President Obama is preparing to send Congress his $302 billion transportation bill, but the four-year authorization still might not be enough to cover the rapidly dwindling Highway Trust Fund. The issue remains: Regardless of whether Congress hopes to deliver a long-term package by the end of September or will settle for a series of short-term extensions, there’s no money left in the till for highway repairs and upgrades.
Transportation Secretary Anthony Foxx, having just wrapped up his “Invest In America, Commit to the Future” bus tour/infrastructure pep-rally, hinted in the DOT’s Fast Lane blog this week that the White House package was coming soon.
Obama outlined his plan in a Feb. 26 appearance in St. Paul, Minn. At the heart of the president’s pitch is $150 billion in one-time “transition revenue” from “pro-growth” business tax reform.
A recent analysis by the Congressional Budget Office still puts the trust fund in the red, starting in fiscal year 2015 – which is the next budget cycle. The CBO notes that the administration’s budget attributes $150 billion in revenues to the tax reforms, but those revenues were not calculated “because the administration does not provide enough details about the nature of the tax changes that might be used to generate those savings.”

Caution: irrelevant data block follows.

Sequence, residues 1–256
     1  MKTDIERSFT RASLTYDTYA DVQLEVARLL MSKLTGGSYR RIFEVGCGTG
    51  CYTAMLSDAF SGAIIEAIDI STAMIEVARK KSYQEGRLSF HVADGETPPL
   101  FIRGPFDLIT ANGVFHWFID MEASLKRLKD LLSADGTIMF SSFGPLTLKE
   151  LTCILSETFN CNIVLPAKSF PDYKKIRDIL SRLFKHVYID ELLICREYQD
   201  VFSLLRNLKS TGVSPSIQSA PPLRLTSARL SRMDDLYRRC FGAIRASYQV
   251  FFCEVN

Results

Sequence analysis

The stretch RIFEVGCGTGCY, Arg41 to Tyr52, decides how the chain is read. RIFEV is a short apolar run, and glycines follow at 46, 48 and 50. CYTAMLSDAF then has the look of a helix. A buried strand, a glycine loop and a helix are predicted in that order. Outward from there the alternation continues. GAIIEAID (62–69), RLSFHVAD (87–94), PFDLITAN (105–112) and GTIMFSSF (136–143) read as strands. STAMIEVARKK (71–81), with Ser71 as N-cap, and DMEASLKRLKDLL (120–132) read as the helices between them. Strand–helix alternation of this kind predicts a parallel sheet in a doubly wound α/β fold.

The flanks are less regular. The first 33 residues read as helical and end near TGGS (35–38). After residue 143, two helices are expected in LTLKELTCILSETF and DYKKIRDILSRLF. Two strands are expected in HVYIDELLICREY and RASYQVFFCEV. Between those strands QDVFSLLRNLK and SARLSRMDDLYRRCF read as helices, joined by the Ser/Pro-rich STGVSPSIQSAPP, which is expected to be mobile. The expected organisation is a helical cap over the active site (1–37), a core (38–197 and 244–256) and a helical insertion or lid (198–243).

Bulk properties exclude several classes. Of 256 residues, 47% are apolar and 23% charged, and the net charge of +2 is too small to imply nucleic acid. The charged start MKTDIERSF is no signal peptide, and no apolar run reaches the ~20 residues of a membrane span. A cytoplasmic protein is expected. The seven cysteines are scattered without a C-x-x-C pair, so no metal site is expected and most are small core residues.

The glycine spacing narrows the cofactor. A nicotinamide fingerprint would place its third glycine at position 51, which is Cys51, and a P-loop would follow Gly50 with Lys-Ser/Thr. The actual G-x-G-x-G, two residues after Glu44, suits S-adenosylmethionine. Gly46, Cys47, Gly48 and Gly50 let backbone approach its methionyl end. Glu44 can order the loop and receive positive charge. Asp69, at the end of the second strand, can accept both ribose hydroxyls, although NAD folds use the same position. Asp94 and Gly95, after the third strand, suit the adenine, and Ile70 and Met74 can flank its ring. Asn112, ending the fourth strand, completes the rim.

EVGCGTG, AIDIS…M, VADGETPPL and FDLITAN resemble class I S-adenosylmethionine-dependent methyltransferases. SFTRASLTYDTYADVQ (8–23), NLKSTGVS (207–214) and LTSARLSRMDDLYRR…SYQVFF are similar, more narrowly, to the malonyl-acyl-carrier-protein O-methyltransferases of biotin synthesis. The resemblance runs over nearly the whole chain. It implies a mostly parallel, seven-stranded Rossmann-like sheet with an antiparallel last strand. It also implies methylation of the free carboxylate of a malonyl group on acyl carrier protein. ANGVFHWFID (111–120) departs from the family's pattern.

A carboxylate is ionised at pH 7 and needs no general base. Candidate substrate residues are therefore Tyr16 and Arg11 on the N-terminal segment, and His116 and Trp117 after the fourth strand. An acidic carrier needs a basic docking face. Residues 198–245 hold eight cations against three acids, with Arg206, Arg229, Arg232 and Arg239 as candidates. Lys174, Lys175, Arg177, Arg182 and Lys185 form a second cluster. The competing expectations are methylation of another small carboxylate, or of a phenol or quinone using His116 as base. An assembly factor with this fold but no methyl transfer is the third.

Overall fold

In remarks made to reporters on the Invest in America tour bus, Foxx told Politico’s Kathryn A. Wolfe that the administration is open to ideas from Congress on how to pay for infrastructure – “the urgency, however, cannot be overstated,” as states will be reluctant to let construction contracts come the end of the summer if federal funding is not in place.
The problem is that there’s no Plan B, as even short-term extensions of MAP-21 would have to cover the trust fund deficit.
“The reality is that we’ve used a lot of duct tape and chewing gum over the last several years, and there’s only so much of that you can do before we reach a point where even those approaches won’t work anymore,” Foxx said.
And the president also dropped a couple of mentions of the infrastructure issue in his most recent press conference. He suggested that the American people would rather hear politicians discuss high college costs or “how we can rebuild our roads and our bridges and our infrastructure and put people back to work,” than more Republican mid-term election focus on repealing the Affordable Care Act.
“It didn’t used to be a partisan issue. Why aren’t we coming up with a way to make sure that we’re rebuilding our roads and our bridges, and improving our air traffic control system?” Obama said. “There’s no reason that has to be political. There really isn’t any ideological disagreement on that. And I guarantee you after this winter, if you look at the potholes that are the size of canyons all across big chunks of the United States, that people would like to see an infrastructure bill. Let’s get it done.”
Indeed, the DOT now projects the Highway Trust Fund will run out of money Aug. 31, according to the latest update of the “ticker” that displays the account balance.